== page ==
Zusha Elinson/The Bay Citizen Three people have been struck walking in this crosswalk at Santa Helena Avenue and El Camino Real in the past two months.
A perilous stretch of El Camino Real in Millbrae where the state was found liable in 2010 for endangering pedestrians continues to claim victims as people try to cross the busy six-lane thoroughfare.
Caltrans was ordered to pay $8 million to the family of Emily Liou, who was struck by a Toyota in 2006 while crossing the highway in a crosswalk. Age 17 at the time, she was left in a coma. The jury found that Caltrans had known for years that the crosswalks without traffic signals were dangerous but had taken no action to prevent the accident.
Despite the jury’s verdict, Caltrans has done little since then to improve the crossing at Ludeman Lane where Liou was hit or three similar crosswalks within a six-block stretch of El Camino Real. Since the accident, 11 more pedestrians have been hit in these crosswalks. In the past six weeks alone, three people have been injured.
Caltrans spokeswoman Gidget Navarro told The Bay Citizen, sister site of California Watch, last week that the agency had installed pedestrian lights at the intersection where Liou was struck. But a visit to the site found no lights. On a rainy evening last week, pedestrians waited along El Camino Real for several minutes at a time for rush-hour traffic to thin just enough so they could scamper across the highway.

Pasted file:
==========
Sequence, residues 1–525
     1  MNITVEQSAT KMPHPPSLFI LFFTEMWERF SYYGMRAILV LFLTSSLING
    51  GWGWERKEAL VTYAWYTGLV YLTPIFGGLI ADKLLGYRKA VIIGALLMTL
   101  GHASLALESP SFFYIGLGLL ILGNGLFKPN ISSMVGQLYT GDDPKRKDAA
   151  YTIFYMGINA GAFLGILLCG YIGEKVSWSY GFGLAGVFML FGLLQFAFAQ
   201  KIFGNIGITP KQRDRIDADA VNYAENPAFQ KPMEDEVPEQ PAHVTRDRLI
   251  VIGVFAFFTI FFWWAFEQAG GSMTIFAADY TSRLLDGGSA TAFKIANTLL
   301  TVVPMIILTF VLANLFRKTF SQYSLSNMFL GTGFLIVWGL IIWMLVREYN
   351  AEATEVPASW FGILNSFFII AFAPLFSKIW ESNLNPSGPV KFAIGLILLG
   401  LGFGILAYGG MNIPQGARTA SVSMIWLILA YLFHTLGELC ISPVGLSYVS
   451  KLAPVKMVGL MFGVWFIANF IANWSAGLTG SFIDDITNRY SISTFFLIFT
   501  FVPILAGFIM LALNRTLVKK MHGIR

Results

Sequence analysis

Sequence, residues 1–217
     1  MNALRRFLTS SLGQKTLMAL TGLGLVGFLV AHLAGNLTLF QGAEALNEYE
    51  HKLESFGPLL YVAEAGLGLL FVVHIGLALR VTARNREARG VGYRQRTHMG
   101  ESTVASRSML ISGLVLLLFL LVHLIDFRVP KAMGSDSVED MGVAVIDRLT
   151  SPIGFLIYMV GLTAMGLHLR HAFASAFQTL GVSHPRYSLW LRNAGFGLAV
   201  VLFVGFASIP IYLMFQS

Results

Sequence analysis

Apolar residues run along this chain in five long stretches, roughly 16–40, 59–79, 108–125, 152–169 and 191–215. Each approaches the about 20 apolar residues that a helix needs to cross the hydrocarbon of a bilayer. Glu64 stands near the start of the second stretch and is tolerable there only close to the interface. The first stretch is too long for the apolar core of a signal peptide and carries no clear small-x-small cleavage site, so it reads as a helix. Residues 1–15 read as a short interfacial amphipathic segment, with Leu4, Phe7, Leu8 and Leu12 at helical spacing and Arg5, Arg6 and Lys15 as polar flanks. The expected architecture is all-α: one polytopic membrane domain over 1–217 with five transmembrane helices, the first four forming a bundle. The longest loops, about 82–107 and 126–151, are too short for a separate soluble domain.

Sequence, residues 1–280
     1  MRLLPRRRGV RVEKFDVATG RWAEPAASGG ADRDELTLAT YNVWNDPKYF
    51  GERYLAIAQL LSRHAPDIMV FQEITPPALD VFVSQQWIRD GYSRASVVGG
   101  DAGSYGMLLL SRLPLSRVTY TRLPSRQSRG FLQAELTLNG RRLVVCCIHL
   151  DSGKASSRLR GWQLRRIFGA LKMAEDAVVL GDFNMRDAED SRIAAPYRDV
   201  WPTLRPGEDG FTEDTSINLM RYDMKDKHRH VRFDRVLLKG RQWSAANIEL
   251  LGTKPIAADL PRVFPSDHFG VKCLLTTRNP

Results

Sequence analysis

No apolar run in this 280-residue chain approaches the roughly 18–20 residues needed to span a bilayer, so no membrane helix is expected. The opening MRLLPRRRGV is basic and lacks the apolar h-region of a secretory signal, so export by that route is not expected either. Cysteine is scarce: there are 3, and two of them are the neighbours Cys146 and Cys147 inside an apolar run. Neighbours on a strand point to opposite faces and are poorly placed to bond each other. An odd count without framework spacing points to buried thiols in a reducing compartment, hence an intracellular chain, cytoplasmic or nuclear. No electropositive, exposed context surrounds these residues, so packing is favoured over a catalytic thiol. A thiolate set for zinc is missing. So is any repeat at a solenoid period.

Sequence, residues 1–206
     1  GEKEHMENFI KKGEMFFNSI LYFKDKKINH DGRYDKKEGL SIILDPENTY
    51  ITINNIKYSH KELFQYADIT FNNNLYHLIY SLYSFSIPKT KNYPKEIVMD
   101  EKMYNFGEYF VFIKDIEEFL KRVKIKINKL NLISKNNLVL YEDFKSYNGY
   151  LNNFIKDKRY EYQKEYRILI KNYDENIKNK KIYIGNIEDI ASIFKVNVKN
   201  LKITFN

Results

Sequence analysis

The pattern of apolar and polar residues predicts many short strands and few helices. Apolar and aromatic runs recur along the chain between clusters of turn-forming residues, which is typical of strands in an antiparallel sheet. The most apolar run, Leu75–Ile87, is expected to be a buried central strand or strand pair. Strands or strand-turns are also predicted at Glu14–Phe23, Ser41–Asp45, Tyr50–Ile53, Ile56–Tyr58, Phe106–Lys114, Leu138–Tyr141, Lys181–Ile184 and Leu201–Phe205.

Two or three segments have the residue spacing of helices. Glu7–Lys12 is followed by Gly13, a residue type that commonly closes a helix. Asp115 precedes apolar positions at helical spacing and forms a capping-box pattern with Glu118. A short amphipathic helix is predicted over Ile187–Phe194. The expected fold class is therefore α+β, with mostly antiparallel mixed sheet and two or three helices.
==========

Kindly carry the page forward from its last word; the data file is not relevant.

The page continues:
In an email late Wednesday, Navarro acknowledged that the lights had not been installed but gave no further explanation. Caltrans has jurisdiction over El Camino Real, also known as state Highway 82.
After the Liou trial, Caltrans repainted the crosswalk and added white triangles on the pavement outside the white lines, indicating drivers must yield.
Pedestrian advocates, local officials and lawyers say that Caltrans has a long history of ignoring pedestrians in favor of car traffic. After Liou was hit, Caltrans blocked a 2006 effort by Millbrae to install flashing lights at a nearby crosswalk. During the 2010 trial, Liou’s lawyers showed that Caltrans had never studied pedestrian accident rates in the area or how many people used the crosswalks.
“I think they’re way behind the eight ball when it comes to pedestrian safety,” said Rich Shoenberger, an attorney who represented Liou’s family in the successful lawsuit. “In this instance there couldn't have been a bigger wake-up call to pay attention to the El Camino Real.”
The heavily traveled section of highway is near shops, restaurants, three schools and four parks and is about a mile from the Millbrae BART and Caltrain station.
Navarro, the Caltrans spokeswoman, said earlier that the agency has initiated a pilot program to address pedestrian safety in San Mateo and Solano counties. She said the agency will install pavement markings and flashing beacons that can be triggered by the push of a button at all uncontrolled intersections along that stretch of El Camino Real. The project “will take a couple of years to finalize,” she said but gave no target date for completion.